Recipe: Pasta all’Amatriciana (my favorite)

BTD-view-all-recipes2My favorite pasta dish–it is so hard to find! And when I find it, it rarely measures up. Lupa, one of Mario Batali’s renown restaurants on Thompson Street in NYC presents this dish exceptionally well using bucatini pasta. A friend from Italy gave me some maccheroncini pasta from her hometown of Calabria. With this sauce, I recommend an authentic Italian pasta that isn’t too light weight.
After a long search to an unsatisfying avail, I decided to dissect this dish repeatedly & get to the bottom of the yummy mystery. I finally have it down. If what my mother told me was true about becoming what you eat–I might actually turn into this wonderful, flavorful Italian gem. Try it & tell me what you think!

I used

1/2 red onion
5-6 fresh basil leaves
1 carrot
a good virgin olive oil
1 750g box of Pomi tomato sauce
Millefiore (wildflower) honey
ground peperoncini
1 pound maccheroncini pasta
2 salt pellets
3-4 shallots
1/2 pound of pancetta or 8 thick cut strips of applewood smoked bacon
a good red table wine, such as a vino Nobile de Montepulciano

You can substitute
another good quality Italian imported tomato sauce for the Pomi
local honey, although I think this changes the flavor
buccatini substituted for the maccheroncini. In a pinch, use a ribbed penne
cayenne powder in place of the peperoncini
pancetta, which is more authentic than the bacon, but the smoked bacon is a key ingredient in my recipe
3 teaspoons of sea salt in place of the salt pellets

 Lets get cooking…

I start by separating some of the fat from the bacon. Leave a small amount of the fat for flavoring, but discard most of it. Slice the bacon into about 1″ segments.

On medium heat, start cooking the bacon in a 2″ deep sauce pan or iron skillet.

…………

Fill your deep pasta pot with water and toss in the 2 salt pelletsRemember the 3 rules to cooking pasta:

(1)
deep pot of water with ample room for your pasta to swim

(2)
bring your water pot to a full boil before tossing in your pasta

(3)
read your pasta cooking time on the instructions, and take a minute off. Your pasta should have a slight bounce still in it & should never be mushy

…………

Stir the bacon, and while it fills the kitchen with a heavenly smell, pour yourself a glass of the red wine. Let the bottle air a bit before dinner. You will need a splash or two in the pan as well.

Stir the bacon again & finely chop your carrot and your shallots.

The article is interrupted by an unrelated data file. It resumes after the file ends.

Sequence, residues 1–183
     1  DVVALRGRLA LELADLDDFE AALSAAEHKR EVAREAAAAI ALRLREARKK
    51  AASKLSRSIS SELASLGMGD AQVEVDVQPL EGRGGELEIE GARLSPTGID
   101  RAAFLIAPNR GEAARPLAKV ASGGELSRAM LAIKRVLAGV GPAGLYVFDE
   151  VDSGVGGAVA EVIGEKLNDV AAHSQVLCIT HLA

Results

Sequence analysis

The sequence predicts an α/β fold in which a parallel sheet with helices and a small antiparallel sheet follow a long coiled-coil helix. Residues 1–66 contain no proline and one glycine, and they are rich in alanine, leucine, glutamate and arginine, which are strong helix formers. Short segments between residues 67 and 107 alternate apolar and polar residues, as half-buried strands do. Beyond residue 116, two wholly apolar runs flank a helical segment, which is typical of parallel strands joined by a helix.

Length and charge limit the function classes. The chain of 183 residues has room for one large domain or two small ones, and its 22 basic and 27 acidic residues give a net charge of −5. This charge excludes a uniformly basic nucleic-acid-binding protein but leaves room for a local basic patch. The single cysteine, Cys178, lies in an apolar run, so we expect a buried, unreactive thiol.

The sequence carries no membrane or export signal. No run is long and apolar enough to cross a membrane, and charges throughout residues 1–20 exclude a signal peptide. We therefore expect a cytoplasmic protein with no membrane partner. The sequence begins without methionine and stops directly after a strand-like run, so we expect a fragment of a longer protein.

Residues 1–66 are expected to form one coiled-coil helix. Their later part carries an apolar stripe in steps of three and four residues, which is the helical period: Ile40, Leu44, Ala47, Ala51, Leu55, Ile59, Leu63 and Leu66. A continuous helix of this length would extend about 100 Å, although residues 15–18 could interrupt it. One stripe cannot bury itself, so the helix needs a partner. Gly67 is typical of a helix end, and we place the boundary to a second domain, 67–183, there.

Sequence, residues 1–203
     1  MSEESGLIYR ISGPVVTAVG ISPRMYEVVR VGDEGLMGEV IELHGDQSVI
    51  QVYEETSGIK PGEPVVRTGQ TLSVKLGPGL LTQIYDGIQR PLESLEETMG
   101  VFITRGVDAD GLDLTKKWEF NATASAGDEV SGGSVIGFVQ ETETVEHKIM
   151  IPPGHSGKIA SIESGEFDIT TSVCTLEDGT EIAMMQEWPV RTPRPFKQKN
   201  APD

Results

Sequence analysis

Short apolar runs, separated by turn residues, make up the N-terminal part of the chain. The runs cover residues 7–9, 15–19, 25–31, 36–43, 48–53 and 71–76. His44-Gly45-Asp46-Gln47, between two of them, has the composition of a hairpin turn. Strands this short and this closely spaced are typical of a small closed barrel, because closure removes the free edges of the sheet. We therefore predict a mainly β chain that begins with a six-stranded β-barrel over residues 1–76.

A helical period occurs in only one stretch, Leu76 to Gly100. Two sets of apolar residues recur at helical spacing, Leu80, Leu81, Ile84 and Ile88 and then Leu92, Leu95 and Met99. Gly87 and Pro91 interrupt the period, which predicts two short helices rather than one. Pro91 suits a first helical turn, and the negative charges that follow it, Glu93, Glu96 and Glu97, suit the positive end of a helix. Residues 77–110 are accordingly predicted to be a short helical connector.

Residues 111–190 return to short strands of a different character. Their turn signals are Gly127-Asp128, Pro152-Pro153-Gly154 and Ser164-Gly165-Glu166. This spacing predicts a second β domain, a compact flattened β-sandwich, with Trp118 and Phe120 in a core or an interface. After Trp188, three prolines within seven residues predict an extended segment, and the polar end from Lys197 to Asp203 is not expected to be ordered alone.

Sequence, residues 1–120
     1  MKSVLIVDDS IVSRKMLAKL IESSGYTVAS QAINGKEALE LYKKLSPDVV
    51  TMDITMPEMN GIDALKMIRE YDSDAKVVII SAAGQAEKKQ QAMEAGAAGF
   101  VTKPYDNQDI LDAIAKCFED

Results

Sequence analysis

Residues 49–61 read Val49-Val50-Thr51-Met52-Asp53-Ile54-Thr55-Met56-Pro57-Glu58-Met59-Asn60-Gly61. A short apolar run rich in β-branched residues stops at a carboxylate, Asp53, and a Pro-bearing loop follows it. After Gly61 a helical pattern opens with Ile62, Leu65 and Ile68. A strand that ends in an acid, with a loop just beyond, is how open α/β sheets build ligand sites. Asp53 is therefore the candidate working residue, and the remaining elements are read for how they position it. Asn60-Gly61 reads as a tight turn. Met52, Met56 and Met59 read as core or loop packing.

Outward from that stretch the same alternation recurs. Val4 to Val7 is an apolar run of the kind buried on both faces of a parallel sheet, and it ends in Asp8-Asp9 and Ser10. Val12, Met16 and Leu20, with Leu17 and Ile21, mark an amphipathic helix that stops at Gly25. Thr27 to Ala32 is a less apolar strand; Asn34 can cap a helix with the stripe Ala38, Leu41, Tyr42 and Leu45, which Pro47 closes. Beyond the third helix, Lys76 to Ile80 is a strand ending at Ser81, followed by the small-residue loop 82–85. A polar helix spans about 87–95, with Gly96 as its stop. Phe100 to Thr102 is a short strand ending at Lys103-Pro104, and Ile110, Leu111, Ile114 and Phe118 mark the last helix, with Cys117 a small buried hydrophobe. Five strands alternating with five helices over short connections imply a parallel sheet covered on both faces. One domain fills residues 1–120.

Once the bacon is browned and about 1/2 of its starting size, add the carrots and shallots. Cook on medium together until the bacon is nearly completely cooked.

Use small splashes of your red wine to loosen any caramelization on the sides of your pan.

Cook the mixture until the red onions begin to turn slightly soft, but before they are translucent.

…………

Once your water starts to boil add your pasta.

This is bucatini. It looks like long extra thick spaghetti, but it has a hollowed core. It’s quite yummy, but not always easy to find.This pasta came from my friend, Stefania, who gave it to me the last time I was in Rome. It is an artisan pasta, The shape hold the sauce well and might be a shape you can find in your supermarket a bit easier.

If you can’t find either of these, reach for the ribbed penne from de cecco (blue box).

It’s nearly everywhere and is a good pasta.

…………
Once the onions are properly cooked, add the Pomi sauce. I love this sauce. I have seen it in a growing number of supermarkets, so hopefully it will be in reach for you! If you can find some, snatch it up. It’s great for a number of sauces & soups.
Add all of the sauce and about 1/2 to 2/3 cup of filtered water.
Let the mixture cook together on medium for about 3 minutes, stirring it occasionally.
Add your chopped basil.
Now it’s time to season the sauce. This part is really up to your taste buds. Get your sampling spoon ready.
Add about 1 teaspoon of the millefiore honey. If you are using local honey, I think it is much stronger. Cut back to about 1/2 teaspoon. You don’t want the sauce sweet, just use the honey to cut the acid.
Next, add the heat. I cheat. I have a wonderful jar of peperoncini grown in my friend’s garden in Italy and ground by her father. I guard it like gold!
You can find  italian peperoncini, which are just these little peppers…
ground up finely. You can also find the peperoncini flakes (like you see at pizza restaurants) and use your mortar and pestle to grind them up. For the 30 second substitution, use cayenne pepper.
Taste it. Add small amounts of basil, honey & peperoncini until it is perfect. Cleanse your palette with a little wine.
Once it’s right, serve up a bowl and top it with pecorino cheese.

You’d be crazy not to love it! It’s a perfect Autumn bowl of love.
Let me know how it goes.
write often,
xx
h

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